European grape growers might be crying into their wine as they bring in tiny crops, but on the other side of the Atlantic producers are in high spirits, describing this year’s harvest as “near perfect” and “epic.”
The French harvest is predicted to be the smallest on record since 1991, and Spain is suffering from drought, resulting in a crop that will be around 40 percent smaller than last year. Some reports estimate that Italy will see its lowest yields since 1950.
But in the United States, the picture could not be more different. California’s most famous wine region, the Napa Valley, is having a “great year,” according to the local wine industry association, the Napa Valley Vintners. “It’s been a near-perfect growing season,” said communications director Terry Hall. “The weather has been ideal, with warm but not hot days and cool evenings.”
Around 25 percent of the total crop has been picked in the valley, including all the white varieties and pinot noir. The region’s later-ripening red Bordeaux varieties, which represent around 70 percent of Napa's total production, will be harvested over the coming two to three weeks. “People are running around the clock at the moment, but everyone is very excited about what they are seeing,” added Hall.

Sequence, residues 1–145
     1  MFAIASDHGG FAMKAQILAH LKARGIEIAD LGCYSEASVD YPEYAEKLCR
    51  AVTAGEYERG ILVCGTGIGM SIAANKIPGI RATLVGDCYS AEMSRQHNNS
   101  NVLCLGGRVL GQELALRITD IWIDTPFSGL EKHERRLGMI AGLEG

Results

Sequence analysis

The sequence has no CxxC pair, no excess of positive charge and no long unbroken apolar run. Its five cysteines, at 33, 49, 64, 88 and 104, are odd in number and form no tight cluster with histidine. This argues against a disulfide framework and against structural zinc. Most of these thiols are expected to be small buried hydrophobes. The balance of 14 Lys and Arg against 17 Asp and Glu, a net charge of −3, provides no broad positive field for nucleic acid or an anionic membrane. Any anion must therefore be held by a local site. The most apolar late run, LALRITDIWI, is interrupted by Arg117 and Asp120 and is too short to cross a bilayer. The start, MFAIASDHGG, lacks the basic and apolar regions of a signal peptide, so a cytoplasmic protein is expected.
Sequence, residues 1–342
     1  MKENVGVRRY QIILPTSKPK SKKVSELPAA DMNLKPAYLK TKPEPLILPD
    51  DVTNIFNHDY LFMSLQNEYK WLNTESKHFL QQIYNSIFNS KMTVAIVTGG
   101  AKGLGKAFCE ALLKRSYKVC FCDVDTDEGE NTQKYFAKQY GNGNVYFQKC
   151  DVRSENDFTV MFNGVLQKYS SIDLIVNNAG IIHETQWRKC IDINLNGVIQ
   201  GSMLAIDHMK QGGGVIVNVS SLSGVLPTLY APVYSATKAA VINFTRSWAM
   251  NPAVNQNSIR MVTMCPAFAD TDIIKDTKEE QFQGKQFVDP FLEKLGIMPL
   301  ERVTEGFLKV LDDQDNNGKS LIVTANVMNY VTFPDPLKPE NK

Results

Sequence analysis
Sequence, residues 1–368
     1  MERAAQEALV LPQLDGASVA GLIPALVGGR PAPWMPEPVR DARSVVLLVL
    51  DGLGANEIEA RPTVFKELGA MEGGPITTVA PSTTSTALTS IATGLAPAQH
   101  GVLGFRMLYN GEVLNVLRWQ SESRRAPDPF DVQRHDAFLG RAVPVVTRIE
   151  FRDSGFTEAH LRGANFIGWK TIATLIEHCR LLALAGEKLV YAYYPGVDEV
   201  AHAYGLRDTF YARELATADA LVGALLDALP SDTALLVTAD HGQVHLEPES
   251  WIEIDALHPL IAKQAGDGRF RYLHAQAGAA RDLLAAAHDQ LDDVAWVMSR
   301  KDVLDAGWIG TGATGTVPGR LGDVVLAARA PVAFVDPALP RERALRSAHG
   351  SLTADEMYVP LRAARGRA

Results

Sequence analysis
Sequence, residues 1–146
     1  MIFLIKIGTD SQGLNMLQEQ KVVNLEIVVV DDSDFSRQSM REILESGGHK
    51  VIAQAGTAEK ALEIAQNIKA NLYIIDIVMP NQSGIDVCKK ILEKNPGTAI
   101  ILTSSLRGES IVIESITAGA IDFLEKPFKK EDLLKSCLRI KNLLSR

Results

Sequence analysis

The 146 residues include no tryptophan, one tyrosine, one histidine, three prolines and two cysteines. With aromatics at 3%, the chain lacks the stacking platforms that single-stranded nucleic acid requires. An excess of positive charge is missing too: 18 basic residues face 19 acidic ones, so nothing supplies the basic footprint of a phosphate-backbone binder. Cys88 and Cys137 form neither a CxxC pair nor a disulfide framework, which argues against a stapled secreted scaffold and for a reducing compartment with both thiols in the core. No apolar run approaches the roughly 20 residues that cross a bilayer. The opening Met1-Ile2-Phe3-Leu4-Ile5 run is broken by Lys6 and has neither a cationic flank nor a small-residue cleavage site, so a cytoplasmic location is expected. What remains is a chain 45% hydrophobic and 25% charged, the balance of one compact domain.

The story is the same further north in the state of Oregon.
“This harvest has been amazing,” said Jesse Lange of Lange Estate Winery in Dundee. “Epic is the word I used earlier to describe this coming vintage and it’s turning out to be accurate.”
The 2012 season has been one of the driest seasons on record. The long dry spell and warmer than normal temperatures have already led to comparisons with the 2002 and 2008 vintages. Jerry Murray of Van Duzer Winery believes it will turn out to be another 2002. He described the potential of the wine as “Voluptuous, curvy, but still balanced, fresh and elegant. These wines will wear dresses, but in bigger sizes.”
The harvest is nearing completion in Oregon this week and with a low front expected to hit the state this weekend, some producers will be taking the decision to pick before the first rains since July arrive.
Early estimates suggest that Oregon's harvest tonnage will fall from its record of 41,500 tons in 2011 to the high 30,000s this year. In Napa, yields are ranging from average to a little above average after three difficult vintages with reduced crops.